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[27] Not long afterward Polyxenidas and the Romans had a naval engagement near Myonnesus, in which the former had ninety decked ships, and Regillus, the Roman admiral, eighty-three, of which twenty-five were from Rhodes. The latter were ranged by their commander, Eudorus, on the left wing. Seeing Polyxenidas on the other wing extending his line much beyond that of the Romans, and fearing lest it should be surrounded, he sailed rapidly around there with his swift ships and experienced oarsmen, and brought his fire-ships against Polyxenidas first, scattering flames everywhere. The ships of the latter did not dare to meet their assailants on account of the fire, but, sailing round and round, tried to keep out of the way, shipped much water, and were exposed to ramming behind the bows.1 Presently a Rhodian ship struck a Sidonian, and the blow being severe the anchor of the latter was dislodged and stuck in the former, fastening them together. The two ships being immovable the contest between the crews became like a land fight. As many others hastened to the aid of each, the competition on both sides became spirited, and the Roman ships broke through the Antiochean line of battle, which was exposed in this way, and surrounded the enemy before they knew it. When they discovered it there was a flight and a pursuit. Twenty-nine of the Antiochean ships were lost, thirteen of which were captured with their crews. The Romans lost only two vessels. Polyxenidas captured the Rhodian ship and brought it to Ephesus.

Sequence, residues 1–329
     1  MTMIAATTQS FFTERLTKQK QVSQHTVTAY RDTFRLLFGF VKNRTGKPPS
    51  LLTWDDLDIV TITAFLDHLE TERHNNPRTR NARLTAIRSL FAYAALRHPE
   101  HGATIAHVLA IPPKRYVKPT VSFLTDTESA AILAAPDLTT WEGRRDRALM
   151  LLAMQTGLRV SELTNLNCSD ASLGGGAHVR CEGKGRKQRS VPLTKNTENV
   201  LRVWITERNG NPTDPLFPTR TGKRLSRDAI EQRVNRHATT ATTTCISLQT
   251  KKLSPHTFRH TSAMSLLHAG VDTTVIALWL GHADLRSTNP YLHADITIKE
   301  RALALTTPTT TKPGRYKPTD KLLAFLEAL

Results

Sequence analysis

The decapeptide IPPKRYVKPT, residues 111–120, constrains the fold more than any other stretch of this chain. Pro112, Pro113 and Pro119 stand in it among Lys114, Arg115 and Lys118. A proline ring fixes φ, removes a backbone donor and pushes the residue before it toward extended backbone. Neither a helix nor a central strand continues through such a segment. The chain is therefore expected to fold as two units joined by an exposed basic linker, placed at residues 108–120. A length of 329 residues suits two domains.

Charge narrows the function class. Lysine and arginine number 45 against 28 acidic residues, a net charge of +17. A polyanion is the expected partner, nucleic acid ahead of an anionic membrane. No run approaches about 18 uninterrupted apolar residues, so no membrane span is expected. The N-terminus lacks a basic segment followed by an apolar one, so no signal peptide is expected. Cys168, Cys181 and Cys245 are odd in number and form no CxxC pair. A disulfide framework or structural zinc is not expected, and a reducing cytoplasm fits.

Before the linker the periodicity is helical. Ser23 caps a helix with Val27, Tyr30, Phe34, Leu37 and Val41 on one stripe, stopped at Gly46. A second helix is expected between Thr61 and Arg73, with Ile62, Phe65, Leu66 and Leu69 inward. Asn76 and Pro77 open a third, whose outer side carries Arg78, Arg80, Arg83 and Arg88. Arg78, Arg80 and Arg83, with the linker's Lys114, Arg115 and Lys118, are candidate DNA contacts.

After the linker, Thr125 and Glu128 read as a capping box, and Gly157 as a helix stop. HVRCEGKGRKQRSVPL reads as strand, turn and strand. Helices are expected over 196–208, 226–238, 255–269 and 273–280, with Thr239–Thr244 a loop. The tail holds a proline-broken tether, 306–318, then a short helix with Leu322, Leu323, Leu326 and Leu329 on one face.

1 θαλάσσης ἐπίμπλαντο καὶ ἐς τὰς ἐπωτίδας ἐτύπτοντο. Schweighäuser thought that this sentence ought to be transposed, the shipping of water being the usual consequence of ramming.

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